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Paul Krugman: Avoiding Reality on Greece   May 16th, 2010
Krugman demonstrates a dangerous denial of reality       

 
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Liberal economist Paul Krugman can always be counted on to advocate for liberal spending policies (except when they're not spending enough), but this latest article by Krugman raises the real possibility that he's not grounded in reality. More importantly, it raises the possibility that other liberals--such as President Obama--may be thinking exactly the same way.

Paul Krugman's article is entitled "America not Greece, so ignore fear mongering" and, believe it or not, tries to make the case that we do not need to learn any lessons from Greece; and that to suggest otherwise amounts to fear mongering. It's a short article and I would encourage you to read it all.

He offers two reasons why America is different than Greece. The first reason is that, going into this economic crisis, we weren't as far in debt as Greece (as a percentage of GDP). True enough. But on our current course it's just a matter of not-too-much time until we get to the same place, so that's hardly reassuring.

The most breathtaking explanation Krugman offers, however, as to why we don't have to worry is:

During the good years, when capital was flooding in, Greek costs and prices got far out of line with the rest of Europe. If Greece still had its own currency, it could restore competitiveness through devaluation. But since it doesn't, and since leaving the euro is still considered unthinkable, Greece faces years of grinding deflation and low or zero economic growth. So, the only way to reduce deficits is through savage budget cuts, and investors are skeptical about whether those cuts will actually happen.

It's worth noting, by the way, that Britain -- which is in worse fiscal shape than we are, but which, unlike Greece, hasn't adopted the euro -- remains able to borrow at fairly low interest rates. Having your own currency, it seems, makes a big difference.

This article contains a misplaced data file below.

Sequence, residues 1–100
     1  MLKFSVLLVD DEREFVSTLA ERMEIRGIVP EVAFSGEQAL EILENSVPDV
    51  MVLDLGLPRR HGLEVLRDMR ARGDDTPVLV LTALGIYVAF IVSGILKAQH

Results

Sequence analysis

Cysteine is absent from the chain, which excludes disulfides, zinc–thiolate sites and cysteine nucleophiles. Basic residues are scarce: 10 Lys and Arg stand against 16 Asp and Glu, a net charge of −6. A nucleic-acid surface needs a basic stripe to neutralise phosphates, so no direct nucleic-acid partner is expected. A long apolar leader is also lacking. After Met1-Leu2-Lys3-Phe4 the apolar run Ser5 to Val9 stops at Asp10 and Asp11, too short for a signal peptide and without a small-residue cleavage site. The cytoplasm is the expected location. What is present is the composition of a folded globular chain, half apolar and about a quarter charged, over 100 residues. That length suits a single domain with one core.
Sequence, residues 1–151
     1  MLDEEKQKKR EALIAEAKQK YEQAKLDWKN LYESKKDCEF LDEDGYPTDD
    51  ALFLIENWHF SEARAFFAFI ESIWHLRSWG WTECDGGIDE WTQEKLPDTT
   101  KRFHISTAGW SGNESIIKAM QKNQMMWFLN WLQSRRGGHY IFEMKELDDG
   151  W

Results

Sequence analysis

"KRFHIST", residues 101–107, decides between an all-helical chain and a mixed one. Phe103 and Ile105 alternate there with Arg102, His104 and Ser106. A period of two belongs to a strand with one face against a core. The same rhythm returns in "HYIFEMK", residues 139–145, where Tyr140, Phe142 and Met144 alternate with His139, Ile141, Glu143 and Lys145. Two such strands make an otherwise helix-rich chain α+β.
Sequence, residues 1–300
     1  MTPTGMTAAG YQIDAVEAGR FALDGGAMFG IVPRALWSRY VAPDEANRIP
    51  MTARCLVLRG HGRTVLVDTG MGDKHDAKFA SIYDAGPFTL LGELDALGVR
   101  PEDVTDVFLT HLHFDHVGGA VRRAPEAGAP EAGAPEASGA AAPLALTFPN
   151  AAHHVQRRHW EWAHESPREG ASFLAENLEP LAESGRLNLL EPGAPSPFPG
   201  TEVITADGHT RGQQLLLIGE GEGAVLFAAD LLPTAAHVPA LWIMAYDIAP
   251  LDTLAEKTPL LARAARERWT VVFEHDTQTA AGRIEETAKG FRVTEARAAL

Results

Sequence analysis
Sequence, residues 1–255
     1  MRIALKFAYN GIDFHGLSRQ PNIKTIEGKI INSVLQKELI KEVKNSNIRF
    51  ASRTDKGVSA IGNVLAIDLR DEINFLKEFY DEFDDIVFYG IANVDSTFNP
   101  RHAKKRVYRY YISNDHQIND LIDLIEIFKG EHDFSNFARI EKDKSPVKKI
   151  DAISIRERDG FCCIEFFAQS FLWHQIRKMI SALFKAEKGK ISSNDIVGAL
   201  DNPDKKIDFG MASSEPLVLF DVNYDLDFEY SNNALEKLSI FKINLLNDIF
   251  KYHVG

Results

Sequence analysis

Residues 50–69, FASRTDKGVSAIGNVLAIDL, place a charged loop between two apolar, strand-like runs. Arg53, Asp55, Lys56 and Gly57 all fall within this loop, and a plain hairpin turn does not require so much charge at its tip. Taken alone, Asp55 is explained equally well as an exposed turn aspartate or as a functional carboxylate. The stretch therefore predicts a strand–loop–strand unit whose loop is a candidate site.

This, to me, is absolutely amazing.

It would seem that it's Krugman's position that it's a tragedy that Greece has to implement austerity measures and apply sanity to their budget; if only they could print more money they could avoid all this pain. He seems to think that the solution to spending too much money is to "restore competitiveness through devaluation" (printing money). The problem in Greece apparently isn't that there are too many people receiving too much money from the government, nor a general lack of fiscal discipline, but that Greece can't print more money.

Krugman seems to think the U.S. can print money so, therefore, we won't experience the same pain as Greece.

If it were only so easy.

What Krugman is tacitly endorsing is "monetizing the debt." It's nothing new. It's been done by irresponsible governments throughout history, most recently and famously by Zimbabwe. Basically, when the government runs out of money and can't borrow more (or doesn't want to do so because the interest rates are too high), the government simply prints more money. Presto! Problem solved.

The evidence that Krugman offers in support of this is the UK--they're worse off than us in regards to debt, but they can still borrow money at a reasonable rate. Therefore, he concludes that the ability to print money is a good thing and reassures investors.